Stress and Spine

The incidence of spinal arthritis, of late, has been going up among the youngsters alarmingly, due to changes in lifestyle and bad posture
By Dr Sudeep Jain

Whenever we talk or think about age related degenerative arthritis or osteoarthritis, the very first thing that comes to our mind is of an old, short stature, fat female in her sixties with painful, swollen, inflamed and deformed knee joints; with multiple medical problems like diabetes, hypothyroidism (thyroid hormone deficiency), hyperuricemia (increased uric acid levels) etc.
But, little do we know that the age related degenerative arthritis or osteoarthritis and other forms of inflammatory and autoimmune arthritis involve our spine the most and in a much more complicated way than any other joint in the body. And it is a myth that it does not affect the young.
It has been observed that today the process of ageing or degeneration is seen at a much younger age and is affecting the backbone more in comparison to any other joint in the body, including the knee joint. In fact, the incidence of spinal arthritis of late has been going up among the youngsters alarmingly, due to changes in lifestyle and bad posture, making it the most common lifestyle disease.
Structurally, our backbone and neck are not designed to sit for long hours. The human spine is essentially meant for erect posture, but owing to sedentary lifestyle a majority of our time is spent sitting. What add to the existing woes are faulty design of chairs, tables and workstations as well as wrong placement of laptops and computers which can put a lot of stress on our back and neck. In fact, wrong postures adopted while reading, watching television or working on laptops in sofas and beds can also affect the spine. IT professionals, call centre executives, accountants, people involved in a clerical job, dentists, scientists, doctors, etc all are predisposed to developing osteoarthritis or spondylitis of the spine at a young age, thanks to their long sitting jobs.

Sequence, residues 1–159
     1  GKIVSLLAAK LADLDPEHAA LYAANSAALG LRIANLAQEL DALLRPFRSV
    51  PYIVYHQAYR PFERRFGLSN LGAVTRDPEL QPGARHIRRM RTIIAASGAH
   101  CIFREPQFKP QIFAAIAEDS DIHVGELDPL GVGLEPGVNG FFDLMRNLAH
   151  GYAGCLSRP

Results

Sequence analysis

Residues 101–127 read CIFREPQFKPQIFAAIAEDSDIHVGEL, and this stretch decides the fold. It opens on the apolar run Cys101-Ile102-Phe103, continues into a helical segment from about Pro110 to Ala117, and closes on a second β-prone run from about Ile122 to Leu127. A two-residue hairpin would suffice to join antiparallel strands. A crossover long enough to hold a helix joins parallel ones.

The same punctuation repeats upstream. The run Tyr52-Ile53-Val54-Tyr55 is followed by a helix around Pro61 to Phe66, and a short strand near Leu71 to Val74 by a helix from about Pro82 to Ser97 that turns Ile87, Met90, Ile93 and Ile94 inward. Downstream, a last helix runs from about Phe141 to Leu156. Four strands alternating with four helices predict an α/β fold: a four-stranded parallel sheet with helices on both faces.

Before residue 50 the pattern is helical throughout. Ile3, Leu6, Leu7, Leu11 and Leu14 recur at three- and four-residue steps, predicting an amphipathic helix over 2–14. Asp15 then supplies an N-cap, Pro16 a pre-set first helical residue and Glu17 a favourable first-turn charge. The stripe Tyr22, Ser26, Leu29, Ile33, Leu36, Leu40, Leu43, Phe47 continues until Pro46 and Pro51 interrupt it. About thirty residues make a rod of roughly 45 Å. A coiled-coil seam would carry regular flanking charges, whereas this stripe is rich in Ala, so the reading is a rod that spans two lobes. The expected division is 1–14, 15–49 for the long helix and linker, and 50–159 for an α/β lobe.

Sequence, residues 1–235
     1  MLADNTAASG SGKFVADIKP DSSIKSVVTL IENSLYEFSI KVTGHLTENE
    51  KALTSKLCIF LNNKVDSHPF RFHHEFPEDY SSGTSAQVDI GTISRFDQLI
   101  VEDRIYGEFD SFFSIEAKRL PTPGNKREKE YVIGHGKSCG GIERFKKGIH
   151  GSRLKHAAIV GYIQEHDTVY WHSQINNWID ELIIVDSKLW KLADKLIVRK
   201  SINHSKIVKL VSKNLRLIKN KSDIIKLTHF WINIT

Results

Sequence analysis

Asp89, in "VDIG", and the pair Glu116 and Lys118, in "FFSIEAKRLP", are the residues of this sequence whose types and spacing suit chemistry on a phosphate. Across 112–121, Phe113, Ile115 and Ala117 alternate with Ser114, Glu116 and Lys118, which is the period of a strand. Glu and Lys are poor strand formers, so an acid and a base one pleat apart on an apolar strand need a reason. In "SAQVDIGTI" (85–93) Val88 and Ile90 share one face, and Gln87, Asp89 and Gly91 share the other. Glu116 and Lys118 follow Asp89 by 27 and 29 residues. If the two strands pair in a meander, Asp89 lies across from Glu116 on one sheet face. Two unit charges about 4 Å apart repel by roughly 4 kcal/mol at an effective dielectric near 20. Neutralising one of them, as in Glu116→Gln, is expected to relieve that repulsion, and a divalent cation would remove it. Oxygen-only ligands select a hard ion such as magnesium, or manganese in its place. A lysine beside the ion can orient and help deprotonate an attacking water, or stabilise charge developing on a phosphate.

In addition to sedentary lifestyle and bad postures, there are other contributing factors too that can affect the spine. Stress, lack of physical exercise, poor lifestyle, overweight, wrong food habits, hormonal changes, smoking, alcohol, diabetes, thyroid hormone, deficiency of calcium and vitamin D, increased uric acid and cholesterol levels, heart and respiratory problems, environmental pollution and radiation from computers, mobiles etc. are all among them.
A new minimally invasive Endoscopic Debridement surgery offers a ray of hope for people suffering from incurable spinal arthritis.

(The author is Spine Surgeon and Director, Spine Solutions India, New Delhi)

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